• Nikki Hahn

    Before reading PEH Canada’s definition of physical literacy, my personal understanding of the term was “someone who is knowledgeable of the benefits of physical activity and acknowledges the many different adaptations that can be made for each and every person’s capabilities.” I really enjoyed that the PEH Canada’s definition included the idea of “moving with competence and confidence.” I think it is important in all areas of physical activity to make sure the activity is achievable and versatile to different levels of skill.

    Physical literacy is a concept that is essential to both physical movements as well as intellectually. This has been proven in a number of different studies that the more a child is engaged in activity, the higher they perform in the classroom. I think when students have the “can do” attitude about sports and physical movements, that same attitude will carry over and reflect in their school work.

    I also believe that children who are confident in how they are able to perform certain activities will be confident in trying new adaptations or challenges in life. Young students are at an age where they are learning to be open to and respect new ideas. I think physical activity is a great way to introduce students to trying new things and appreciate all of the different benefits they offer to such a wide range of people.

  • Kelly Mattingly

    This article was a very interesting read. It really gave me a clearer perspective on physical literacy. I also really enjoyed the part where parents need to be just as informed about physical literacy as physical education teachers are. Especially now that PE time in school has been cut down, parents really need to relay this information to their children and support a healthy, active lifestyle. The different activitieslisted are a great resource for parents to read up on to get more advice. This could be something sent in an email from the PE teacher, whether it be a link to the full article or just highlighting the important bits of information to make it easier for the parents to read up on.

    I believe overall this article is a great read for parents, babysitters, aunts, uncles, etc. to look at to help engage the kids in. It discusses technology (which is a huge part of our lives now that it’s 2016), sports, and just overall ideas on keeping your child happy and healthy. I think the biggest, overall message from this article in the “cradle to grave” idea. We discuss this in our health class as well. The goal is to maintain an active, healthy lifestyle for years to come, not just now. This is an important idea to focus on.

  • Kaitlyn M.

    I truly enjoyed reading this article, and how it discussed the difference between physical literacy vs. physical education and being physically active. I love how the author really broke it down to teach and explain what physical literacy is. I had never heard of it until recently, and now feel like I have a much better grasp at the concept! I like that the author broke physical literacy down into three core concepts: competence, confidence, and a wide variety of environments. Physical literacy should be at the core of PE classes, sports teams, and enjoying exercise with friends and family. This is because, as the author said, “it supports long-term participation and performance to the best of one’s ability.” I truly believe in this!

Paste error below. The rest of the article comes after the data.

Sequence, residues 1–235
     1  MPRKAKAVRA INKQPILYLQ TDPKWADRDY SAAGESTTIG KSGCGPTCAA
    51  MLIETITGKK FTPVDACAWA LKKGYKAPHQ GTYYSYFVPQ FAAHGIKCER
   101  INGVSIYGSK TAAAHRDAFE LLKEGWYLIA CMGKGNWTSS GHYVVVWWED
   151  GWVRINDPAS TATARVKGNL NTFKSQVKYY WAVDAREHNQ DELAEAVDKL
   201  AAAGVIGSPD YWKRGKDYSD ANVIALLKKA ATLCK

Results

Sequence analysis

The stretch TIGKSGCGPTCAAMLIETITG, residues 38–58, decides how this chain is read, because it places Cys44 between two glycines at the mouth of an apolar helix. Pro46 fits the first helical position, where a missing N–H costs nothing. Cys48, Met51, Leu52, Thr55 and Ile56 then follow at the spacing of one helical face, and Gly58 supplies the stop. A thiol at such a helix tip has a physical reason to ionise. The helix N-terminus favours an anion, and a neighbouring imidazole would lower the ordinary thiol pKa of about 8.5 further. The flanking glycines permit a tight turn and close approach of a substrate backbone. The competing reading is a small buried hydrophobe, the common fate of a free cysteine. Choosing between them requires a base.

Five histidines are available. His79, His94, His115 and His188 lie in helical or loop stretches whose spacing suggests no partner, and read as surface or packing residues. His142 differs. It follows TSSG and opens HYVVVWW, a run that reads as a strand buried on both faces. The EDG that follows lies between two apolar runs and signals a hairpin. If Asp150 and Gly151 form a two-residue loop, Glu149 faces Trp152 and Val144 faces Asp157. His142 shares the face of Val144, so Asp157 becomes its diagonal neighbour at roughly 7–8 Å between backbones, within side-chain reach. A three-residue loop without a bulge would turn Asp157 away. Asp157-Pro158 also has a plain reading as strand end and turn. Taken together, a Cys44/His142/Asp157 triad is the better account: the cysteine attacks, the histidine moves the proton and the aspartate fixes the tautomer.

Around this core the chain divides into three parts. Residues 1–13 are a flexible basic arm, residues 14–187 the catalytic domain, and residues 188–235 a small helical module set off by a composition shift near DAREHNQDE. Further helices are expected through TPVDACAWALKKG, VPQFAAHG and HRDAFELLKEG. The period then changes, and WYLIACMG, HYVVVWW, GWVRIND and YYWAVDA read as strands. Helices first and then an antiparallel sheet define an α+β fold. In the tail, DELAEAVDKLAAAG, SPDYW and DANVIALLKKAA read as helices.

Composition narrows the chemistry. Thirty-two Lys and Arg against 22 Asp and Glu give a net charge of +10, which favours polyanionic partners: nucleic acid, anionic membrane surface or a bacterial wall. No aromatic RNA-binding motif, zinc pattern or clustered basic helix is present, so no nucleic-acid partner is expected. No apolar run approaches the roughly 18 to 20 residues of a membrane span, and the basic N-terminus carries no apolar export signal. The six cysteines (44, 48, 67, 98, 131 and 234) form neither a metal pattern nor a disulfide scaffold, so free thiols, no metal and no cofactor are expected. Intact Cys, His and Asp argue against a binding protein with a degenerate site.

I love that the article emphasizes family involvement within their children’s physical activity. This will help to promote their competence and confidence, as well as provide them a great example! I think it’s so important to introduce different environments and different ways to be physically active. When children are introduced to a variety of physical activities, this can help them to further discover different passions that they may have, as well as enjoy themselves. I truly believe that the concept of physical literacy needs to be the foundation of our active lives, as it runs over into other areas of our lives, as well.

  • Kelli Rawlings

    I really enjoyed reading this article. It really got me thinking of the way PE taught when I was in school compared to how we are taught to teach it today. In my PE classes, we played a lot of team sports such as basketball and volleyball. This was fun for me because I am competitive and not necessarily bad at the sports. However, I can see how this work make some kids completely despise going to PE classes if they felt inadequate. It makes more sense to teach for physical literacy as opposed to physical activity or team sports,

    My almost 3 year old daughter is in soccer at her school and absolutely loves it. She looks forward to going every Tuesday. The thing I love most about her soccer lessons is that the teach for physical literacy. The articak reminded me of one of her first “practices”. Her and her teammates learned how to “fall down”. At the time I found this interesting, but such a great idea. It hurts when you fall down wrong! While sometimes this is unpreventable, how great it is that they practice falling with more grace.I also particulary love their report cards.They have items on them such as, “I have a desire to learn new skills”, “I have a creative imagination”, and “I have an encouraging spirit towards others”. They are teaching these children more than just soccer and the kids are having fun as well as staying active! That’s the direction I believe PE needs to be going.

    • Amanda Stanec

      Dear Kelly – LOVE LOVE LOVE that your daughter was taught to fall properly! That is so key! Thank you so much for sharing and commenting on the post! :) Amanda